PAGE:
“That Worship is Horrible”. Perhaps you’ve heard this one before. Someone participates in a worship service and sometime after corporate worship is ended they say, “Church was good but that worship was horrible.” Usually what that person means is something akin to saying – “it didn’t seem like true, or passionate, or Spirit-led worship was happening during the singing portion of the service.” It’s also possible that person may simply be used to singing for something like 45 minutes and deem all singing periods shorter than that, without extended interludes between some songs, as ‘not Spirit-led’.
Granted, can be there be occasions when it looks like no one is truly interested in what they’re singing about or where people aren’t even singing at all? Yes. Is it possible that the lead worshipper can appear either bored or indifferent or fake? Yes. Is it worth asking the question: “Are we truly worshipping or just singing/playing songs for a specific amount of time?” Yes. And, are all those things of potential concern? Yes. But, nonetheless, here’s the two-fold problem with the statement “that worship is horrible”:
The person making that kind of statement becomes ‘the worship evaluator’ and they assume the ability to know what is in the hearts of people.
Just because someone is quiet for a given period of time does not mean they are not worshipping. While it is objectively true that God’s people ought to sing and not be silent (Ps. 66:1, 4; 67:4; 95:1; 98:4; 100:1; Eph. 5:19; Col. 3:16), there shouldn’t be any debate there, perhaps during a given song someone is simply reflecting or thinking about the words they never heard before. And, just because someone doesn’t sing as loud as others or raise their hands doesn’t mean they aren’t worshipping God as much as someone who is singing loud and raising their hands.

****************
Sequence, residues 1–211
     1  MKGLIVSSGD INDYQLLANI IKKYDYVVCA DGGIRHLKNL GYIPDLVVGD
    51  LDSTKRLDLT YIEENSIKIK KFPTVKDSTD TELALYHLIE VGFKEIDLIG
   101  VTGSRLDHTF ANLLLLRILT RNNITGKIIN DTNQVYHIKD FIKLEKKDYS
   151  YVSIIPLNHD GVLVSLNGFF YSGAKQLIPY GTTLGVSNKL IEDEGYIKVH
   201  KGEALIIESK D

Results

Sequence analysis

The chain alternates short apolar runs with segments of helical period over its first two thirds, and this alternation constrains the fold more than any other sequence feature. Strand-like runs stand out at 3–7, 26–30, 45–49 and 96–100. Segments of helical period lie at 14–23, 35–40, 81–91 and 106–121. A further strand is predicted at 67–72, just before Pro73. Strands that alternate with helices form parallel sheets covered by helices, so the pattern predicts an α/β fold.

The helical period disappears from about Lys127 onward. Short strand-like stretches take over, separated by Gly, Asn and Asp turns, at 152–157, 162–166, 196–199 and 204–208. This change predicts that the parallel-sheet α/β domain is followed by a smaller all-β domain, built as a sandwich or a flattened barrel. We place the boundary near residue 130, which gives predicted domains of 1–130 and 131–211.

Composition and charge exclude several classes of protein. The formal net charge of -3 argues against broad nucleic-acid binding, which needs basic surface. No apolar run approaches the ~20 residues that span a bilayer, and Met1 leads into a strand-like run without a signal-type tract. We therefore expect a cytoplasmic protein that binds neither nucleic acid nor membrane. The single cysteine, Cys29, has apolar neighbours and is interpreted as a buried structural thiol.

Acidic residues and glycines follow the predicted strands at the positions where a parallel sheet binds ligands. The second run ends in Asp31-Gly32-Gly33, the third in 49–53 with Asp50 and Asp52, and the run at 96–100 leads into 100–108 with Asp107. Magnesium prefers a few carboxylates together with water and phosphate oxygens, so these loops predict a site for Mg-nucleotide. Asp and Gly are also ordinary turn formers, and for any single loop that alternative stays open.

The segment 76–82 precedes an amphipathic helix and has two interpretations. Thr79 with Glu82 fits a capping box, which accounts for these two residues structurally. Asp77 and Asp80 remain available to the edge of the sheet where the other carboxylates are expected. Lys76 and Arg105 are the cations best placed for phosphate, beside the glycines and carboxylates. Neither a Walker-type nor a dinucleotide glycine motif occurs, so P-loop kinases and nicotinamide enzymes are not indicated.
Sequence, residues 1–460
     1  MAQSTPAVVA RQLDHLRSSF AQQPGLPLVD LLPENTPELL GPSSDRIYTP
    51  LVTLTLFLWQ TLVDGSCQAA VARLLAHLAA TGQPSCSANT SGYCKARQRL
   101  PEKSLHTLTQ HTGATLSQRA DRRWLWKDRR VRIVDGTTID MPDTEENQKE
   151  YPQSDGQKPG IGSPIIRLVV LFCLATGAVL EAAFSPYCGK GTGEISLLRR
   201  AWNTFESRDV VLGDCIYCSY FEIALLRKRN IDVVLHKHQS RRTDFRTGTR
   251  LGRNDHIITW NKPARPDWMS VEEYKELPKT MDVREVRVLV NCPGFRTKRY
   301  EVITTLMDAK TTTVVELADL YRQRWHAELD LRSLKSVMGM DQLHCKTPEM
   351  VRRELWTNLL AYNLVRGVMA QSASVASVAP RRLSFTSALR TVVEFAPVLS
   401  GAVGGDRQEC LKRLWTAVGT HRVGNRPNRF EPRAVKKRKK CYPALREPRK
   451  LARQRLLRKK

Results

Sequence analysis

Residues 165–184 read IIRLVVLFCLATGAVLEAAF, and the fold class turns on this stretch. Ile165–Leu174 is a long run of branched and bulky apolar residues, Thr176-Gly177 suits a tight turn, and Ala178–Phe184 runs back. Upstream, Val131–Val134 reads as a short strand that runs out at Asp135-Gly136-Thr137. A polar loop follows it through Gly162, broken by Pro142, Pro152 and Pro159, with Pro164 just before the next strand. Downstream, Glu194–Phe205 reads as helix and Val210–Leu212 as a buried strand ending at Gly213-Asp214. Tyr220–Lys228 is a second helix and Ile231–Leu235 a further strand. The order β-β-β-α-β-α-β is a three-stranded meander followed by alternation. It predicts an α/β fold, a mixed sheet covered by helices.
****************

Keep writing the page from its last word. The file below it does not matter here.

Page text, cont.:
The key being: God judges worship based upon what He sees and He doesn’t only see the outward appearance.
If we take on the role of “worship evaluator” we presume too much knowledge. Even if there may seem to be some issues with the worship on a given occasion, our mindset should be – I want God to be pleased with my worship to Him this morning. Therein lies the problem with being a worship evaluator – such a person forgets that their worship is being evaluated. Not merely or potentially by other people, but by God. Such a person often neglects to realize that their preoccupation with critical assessments is a distraction that keeps them from offering to God heart-felt praise.
So while there may be occasions where there are blatant distractions (perhaps via bad musicianship) or unashamed Biblical inaccuracy (perhaps via a song or someone speaking in between or during songs), the latter being an even more serious issue that ought to be quickly addressed, more often than not that kind of statement (“that worship is horrible”) is usually levied from a presumptuous worship evaluator towards an entire room of people who failed to meet that person’s outward worship requirement. Resist such a saying by giving God true worship and leaving all heart worship evaluation to Him.